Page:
Visiting Castles In This Ever-changing World of Politics

From the news, you might think we are living in an unprecedented time concerning world politics: the rise of populism, technological disruption, social unrest, and the inevitable changes can be frightening to parents and children alike. Switzerland and Germany and their amazing castles offer you and your family an opportunity to enter past worlds that were marked by dynamic political, social, and technological change, and to examine them in an entertaining way. Who knows – you might even find that the current upheaval is not that unprecedented after all.

Château de Chillon in canton Vaud and Schloss Neuschwanstein in Bavaria are the most visited castles in Switzerland and Germany, respectively. Not only are they beautiful castles, but they can also bring history and politics to life for young and old alike. Both are open year round, so why not visit them this autumn?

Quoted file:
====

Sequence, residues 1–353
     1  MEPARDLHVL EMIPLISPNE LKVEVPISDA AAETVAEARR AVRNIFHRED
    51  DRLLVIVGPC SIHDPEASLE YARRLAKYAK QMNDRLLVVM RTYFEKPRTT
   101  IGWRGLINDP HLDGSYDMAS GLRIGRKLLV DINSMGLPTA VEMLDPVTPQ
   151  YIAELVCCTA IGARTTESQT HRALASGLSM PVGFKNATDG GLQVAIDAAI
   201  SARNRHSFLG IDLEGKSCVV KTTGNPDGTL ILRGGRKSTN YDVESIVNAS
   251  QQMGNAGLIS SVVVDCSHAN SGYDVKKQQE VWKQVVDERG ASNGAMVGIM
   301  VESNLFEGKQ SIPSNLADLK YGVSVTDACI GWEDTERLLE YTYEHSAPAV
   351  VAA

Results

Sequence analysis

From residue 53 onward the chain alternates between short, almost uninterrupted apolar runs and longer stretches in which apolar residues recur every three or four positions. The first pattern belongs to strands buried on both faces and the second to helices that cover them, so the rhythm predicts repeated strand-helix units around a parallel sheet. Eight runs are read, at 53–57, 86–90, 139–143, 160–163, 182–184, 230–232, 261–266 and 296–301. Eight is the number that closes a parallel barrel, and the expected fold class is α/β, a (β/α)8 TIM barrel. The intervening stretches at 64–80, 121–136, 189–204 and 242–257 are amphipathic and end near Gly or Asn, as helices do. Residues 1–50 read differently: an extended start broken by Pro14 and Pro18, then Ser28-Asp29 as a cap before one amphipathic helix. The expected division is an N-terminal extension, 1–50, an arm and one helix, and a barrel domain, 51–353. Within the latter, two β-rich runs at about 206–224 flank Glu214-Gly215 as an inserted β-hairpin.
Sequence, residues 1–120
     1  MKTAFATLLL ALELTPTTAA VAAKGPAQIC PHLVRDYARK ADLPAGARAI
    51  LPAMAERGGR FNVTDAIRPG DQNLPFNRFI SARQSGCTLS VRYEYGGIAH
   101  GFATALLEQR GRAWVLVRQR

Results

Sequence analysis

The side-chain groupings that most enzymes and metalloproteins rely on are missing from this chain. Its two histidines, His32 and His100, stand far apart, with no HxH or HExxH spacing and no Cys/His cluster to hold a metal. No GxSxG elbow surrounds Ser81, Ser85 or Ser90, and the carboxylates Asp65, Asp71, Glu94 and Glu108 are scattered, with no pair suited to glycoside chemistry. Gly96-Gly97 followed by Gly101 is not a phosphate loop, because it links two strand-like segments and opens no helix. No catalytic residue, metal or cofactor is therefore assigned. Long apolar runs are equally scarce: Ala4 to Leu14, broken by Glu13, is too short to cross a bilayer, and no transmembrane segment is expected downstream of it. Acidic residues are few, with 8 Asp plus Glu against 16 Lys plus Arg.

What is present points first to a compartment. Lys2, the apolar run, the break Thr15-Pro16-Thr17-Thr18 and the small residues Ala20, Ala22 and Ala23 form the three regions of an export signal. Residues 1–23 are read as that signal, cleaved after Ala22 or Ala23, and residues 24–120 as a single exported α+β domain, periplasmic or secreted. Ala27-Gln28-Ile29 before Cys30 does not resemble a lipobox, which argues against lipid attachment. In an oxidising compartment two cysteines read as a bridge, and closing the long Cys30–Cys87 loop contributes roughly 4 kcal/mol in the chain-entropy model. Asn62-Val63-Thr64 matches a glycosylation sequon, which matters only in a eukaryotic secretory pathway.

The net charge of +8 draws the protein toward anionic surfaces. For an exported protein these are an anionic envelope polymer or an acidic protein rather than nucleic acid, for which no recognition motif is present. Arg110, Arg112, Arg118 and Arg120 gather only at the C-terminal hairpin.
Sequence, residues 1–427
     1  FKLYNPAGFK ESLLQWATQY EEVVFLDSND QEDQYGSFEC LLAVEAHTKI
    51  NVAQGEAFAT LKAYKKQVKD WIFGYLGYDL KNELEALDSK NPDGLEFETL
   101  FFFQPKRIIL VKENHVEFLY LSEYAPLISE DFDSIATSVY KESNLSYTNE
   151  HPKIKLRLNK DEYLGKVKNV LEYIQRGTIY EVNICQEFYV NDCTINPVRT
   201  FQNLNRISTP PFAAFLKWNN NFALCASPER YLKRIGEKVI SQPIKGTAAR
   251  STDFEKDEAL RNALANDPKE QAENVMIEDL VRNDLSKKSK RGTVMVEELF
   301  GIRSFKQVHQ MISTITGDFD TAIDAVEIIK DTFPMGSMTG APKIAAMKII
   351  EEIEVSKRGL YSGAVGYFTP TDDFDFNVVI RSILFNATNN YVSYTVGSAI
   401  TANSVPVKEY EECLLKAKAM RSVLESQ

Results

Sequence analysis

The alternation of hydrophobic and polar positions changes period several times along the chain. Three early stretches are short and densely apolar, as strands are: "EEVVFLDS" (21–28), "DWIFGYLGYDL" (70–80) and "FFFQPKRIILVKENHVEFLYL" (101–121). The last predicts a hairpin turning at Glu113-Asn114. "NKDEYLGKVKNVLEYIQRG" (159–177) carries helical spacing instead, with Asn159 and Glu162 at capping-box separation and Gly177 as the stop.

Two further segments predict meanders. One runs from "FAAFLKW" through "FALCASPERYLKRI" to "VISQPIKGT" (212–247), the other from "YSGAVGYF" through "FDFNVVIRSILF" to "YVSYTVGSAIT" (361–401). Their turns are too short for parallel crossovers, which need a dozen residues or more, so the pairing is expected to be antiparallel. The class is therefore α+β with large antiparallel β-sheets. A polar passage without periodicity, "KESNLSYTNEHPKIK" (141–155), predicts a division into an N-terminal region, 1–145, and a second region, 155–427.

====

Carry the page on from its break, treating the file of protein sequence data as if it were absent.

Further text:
Château de Chillon

Château de Chillon (Chillon Castle) is located on a rocky island in Lake Geneva. The location is strategic and was used by the Counts of Savoy (1150 – 1536) to house wealth and control passage between northern and southern Europe. Later the Bernese (1536-1798) held the castle as an administrative center. In 1803, the canton of Vaud took over the castle and maintains it today.

Used for weapon storage and as a prison over the centuries, the castle became famous because of the poem by Lord Byron, “The Prisoner of Chillon,” about Fran￧ois Bonivard and his imprisonment. The castle is huge, with four courtyards and various buildings. You should plan an entire day at least for your visit. We toured the castle on our own with headphones (took us about three hours). There is abundant information in English as well. We truly enjoyed our hunt to find the dungeon and the column to which Bonivard was shackled in 1530. Wait until you hear about how Antione de Beaufort of Savoy, the officer in charge of the prison, fled the castle when it was overrun by the Bernese!